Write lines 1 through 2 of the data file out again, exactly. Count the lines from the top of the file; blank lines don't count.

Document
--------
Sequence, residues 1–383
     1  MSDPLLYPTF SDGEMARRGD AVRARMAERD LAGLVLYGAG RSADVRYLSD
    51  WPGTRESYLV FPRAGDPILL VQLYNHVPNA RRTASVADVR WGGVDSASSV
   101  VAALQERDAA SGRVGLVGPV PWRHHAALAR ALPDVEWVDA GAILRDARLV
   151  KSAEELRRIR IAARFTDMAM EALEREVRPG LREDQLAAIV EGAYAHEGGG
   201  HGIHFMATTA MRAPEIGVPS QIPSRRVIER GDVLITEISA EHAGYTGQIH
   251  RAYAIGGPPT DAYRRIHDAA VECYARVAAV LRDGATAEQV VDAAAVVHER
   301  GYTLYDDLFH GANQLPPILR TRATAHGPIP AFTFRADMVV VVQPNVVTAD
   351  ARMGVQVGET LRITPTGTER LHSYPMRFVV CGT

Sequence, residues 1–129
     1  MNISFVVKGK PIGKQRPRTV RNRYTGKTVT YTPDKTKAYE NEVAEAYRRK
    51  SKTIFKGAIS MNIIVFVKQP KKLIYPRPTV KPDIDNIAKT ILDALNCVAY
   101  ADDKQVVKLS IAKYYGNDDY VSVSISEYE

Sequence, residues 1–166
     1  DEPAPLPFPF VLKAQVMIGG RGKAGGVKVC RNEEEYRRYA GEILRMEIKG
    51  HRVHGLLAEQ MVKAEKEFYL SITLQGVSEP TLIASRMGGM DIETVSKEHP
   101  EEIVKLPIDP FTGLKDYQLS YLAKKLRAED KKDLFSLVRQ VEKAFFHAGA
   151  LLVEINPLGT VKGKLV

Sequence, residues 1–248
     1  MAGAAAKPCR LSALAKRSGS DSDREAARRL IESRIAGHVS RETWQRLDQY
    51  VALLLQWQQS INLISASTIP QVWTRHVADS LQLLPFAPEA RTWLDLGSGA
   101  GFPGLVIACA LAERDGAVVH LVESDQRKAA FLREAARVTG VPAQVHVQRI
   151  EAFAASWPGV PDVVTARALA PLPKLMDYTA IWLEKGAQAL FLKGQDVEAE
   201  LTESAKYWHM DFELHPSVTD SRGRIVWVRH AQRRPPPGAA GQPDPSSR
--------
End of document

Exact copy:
Sequence, residues 1–383
     1  MSDPLLYPTF SDGEMARRGD AVRARMAERD LAGLVLYGAG RSADVRYLSD